Even if some land were available, the process to reintroduce the captive elephant into the wild is complex. Even if elephants are seen to roam wild in private sanctuaries or parks, they still have to come into contact with humans, often to make sure they remain in the confines of the area, for veterinary and health purposes and for feed. Each interaction poses a great risk to humans and this is where traditional methods to control elephants used by mahouts have been both necessary and fiercely criticized. However, there has been much progress in recent years by groups such as ACEWG to train mahouts to use tools judiciously for their own protection and for the welfare of elephants.

The chain is another visible symbol of captivity. But it is a necessary tool. “Of course, it matters how you chain them, and how long you chain them. But to say ‘don’t chain an elephant’, unfortunately, that’s unrealistic,” said Carmen Rademaker, founder of Naka Elephant Foundation. It is the simplest and safest tool for a camp that cannot afford millions of baht in fencing. Unlike fencing, it also allows elephants to move locations throughout the jungle from patch to patch so that they can forage. Chains are also the best materials for control as they do not cause chafing on elephant skins. It would be impossible to keep an elephant in captivity without chaining, or fencing, if for at least a few hours per night.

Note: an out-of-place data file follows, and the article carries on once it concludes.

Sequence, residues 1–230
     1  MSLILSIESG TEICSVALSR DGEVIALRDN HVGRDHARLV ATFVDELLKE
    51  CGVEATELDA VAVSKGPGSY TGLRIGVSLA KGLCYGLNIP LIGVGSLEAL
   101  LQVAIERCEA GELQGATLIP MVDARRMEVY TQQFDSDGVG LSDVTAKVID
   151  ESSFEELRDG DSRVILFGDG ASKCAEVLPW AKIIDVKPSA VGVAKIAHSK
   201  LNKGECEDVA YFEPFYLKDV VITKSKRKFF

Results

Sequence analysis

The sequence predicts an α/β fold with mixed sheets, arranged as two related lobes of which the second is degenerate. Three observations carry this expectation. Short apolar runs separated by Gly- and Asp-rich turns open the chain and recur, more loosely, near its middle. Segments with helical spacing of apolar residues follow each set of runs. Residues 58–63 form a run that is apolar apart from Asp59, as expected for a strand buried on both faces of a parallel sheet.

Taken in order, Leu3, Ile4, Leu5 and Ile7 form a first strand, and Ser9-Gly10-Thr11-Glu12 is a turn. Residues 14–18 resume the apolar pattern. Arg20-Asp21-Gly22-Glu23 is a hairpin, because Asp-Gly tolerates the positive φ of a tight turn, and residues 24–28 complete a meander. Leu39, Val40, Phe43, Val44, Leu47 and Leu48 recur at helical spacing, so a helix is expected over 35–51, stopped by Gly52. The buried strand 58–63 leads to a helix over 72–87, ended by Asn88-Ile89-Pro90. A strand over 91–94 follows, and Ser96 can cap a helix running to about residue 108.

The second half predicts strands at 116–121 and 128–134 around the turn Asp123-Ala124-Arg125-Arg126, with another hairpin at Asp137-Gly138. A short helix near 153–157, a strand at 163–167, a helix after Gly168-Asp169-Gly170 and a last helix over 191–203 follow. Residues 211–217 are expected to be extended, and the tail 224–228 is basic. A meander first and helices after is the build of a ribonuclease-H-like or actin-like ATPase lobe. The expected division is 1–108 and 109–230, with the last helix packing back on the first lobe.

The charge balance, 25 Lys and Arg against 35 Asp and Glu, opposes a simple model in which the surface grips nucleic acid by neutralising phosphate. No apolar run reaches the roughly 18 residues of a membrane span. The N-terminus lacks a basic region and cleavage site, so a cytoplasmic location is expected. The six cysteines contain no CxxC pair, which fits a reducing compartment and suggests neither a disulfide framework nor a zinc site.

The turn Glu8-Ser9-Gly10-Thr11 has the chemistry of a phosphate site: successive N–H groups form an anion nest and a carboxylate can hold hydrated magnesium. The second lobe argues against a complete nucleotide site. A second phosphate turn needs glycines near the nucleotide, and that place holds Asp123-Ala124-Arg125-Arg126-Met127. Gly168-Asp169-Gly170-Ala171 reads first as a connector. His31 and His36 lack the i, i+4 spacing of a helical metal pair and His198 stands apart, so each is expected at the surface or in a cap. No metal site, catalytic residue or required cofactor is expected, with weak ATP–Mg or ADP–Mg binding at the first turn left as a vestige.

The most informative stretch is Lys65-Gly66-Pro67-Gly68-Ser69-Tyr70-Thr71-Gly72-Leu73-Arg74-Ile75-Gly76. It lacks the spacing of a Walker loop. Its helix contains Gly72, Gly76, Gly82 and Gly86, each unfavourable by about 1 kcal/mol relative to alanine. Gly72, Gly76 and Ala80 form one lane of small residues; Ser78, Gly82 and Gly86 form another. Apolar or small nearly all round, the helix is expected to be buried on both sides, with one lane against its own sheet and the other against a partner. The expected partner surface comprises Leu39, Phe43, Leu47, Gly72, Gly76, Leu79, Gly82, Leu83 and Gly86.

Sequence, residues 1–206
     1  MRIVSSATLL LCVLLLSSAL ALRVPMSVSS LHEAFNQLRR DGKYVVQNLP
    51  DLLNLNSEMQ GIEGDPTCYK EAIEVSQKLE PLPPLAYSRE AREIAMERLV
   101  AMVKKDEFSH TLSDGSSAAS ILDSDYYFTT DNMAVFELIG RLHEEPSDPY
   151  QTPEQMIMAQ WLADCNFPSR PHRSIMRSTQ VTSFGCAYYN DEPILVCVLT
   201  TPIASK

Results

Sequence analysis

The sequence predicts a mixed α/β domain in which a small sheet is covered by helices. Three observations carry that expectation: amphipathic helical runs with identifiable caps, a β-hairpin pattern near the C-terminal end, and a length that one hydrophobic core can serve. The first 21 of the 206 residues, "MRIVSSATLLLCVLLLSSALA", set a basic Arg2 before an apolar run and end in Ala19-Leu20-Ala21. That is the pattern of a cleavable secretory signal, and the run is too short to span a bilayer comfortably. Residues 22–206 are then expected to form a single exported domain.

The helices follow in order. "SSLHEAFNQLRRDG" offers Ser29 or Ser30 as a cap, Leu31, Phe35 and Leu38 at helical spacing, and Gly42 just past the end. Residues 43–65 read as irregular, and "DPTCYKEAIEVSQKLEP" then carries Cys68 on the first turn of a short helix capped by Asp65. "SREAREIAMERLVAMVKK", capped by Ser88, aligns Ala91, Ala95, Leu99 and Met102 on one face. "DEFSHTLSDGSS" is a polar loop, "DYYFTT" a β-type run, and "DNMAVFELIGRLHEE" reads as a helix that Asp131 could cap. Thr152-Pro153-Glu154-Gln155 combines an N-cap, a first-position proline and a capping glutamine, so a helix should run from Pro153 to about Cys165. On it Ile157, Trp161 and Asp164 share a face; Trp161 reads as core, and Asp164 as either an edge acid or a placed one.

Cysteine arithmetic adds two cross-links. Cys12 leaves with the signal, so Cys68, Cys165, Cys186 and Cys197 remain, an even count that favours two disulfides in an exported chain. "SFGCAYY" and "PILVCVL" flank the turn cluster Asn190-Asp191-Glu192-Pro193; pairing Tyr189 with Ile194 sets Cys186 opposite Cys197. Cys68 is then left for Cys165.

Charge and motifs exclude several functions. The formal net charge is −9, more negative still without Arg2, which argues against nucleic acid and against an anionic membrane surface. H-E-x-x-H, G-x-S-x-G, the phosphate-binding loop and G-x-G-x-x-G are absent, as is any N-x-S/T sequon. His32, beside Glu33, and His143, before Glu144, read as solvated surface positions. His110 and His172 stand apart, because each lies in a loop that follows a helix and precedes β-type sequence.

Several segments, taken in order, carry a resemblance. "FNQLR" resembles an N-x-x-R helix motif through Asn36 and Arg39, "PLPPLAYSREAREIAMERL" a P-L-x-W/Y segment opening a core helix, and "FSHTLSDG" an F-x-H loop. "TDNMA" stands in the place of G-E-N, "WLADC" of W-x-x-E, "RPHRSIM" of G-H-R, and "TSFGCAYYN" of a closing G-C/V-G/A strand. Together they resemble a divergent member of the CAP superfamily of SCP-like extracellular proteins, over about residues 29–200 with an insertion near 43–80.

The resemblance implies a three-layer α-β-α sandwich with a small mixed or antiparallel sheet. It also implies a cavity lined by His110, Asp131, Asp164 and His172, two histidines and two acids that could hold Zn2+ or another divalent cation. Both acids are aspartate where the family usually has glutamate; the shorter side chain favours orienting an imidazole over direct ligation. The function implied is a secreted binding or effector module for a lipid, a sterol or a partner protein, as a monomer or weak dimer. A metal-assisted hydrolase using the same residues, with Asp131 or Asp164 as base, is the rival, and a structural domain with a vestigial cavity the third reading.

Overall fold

Source: “City Life Chiang Mai”, have a look at the full article for more information.

FAQ About Asian Elephants In Captivity

The Elephant FAQ comes from the “Asian Captive Elephant Working Group”, this is a non-profit group, not in any way affiliated to any interest and their experts are highly regarded on an international level in their fields. It was formed in 2015 by a group of elephant specialists, veterinarians, researchers, camp managers and conservationists to address the current situation for captive elephants in the tourism industry in South East ASIA. If you want to know more about them, you can visit their website.

Why do we have elephants in captivity/where do captive elephants come from?

Asian elephants have had a relationship with humans for some 4,000 years. Historically, elephants were used as beasts of burden, for logging, as war mounts, ceremonial animals or simply kept as a status symbol. These elephants were mostly captured as wild animals by professional elephant catchers who then trained and either kept them or traded them to others for a specific use.

It is now illegal to capture Asian elephants from the wild outside exceptional conditions and with Government sanction. As a result, elephants are now being bred in captivity to maintain captive populations. However, illegal capturing and trading of wild elephants is still ongoing, which is why laws and regulations are so important to ensure these practices do not continue.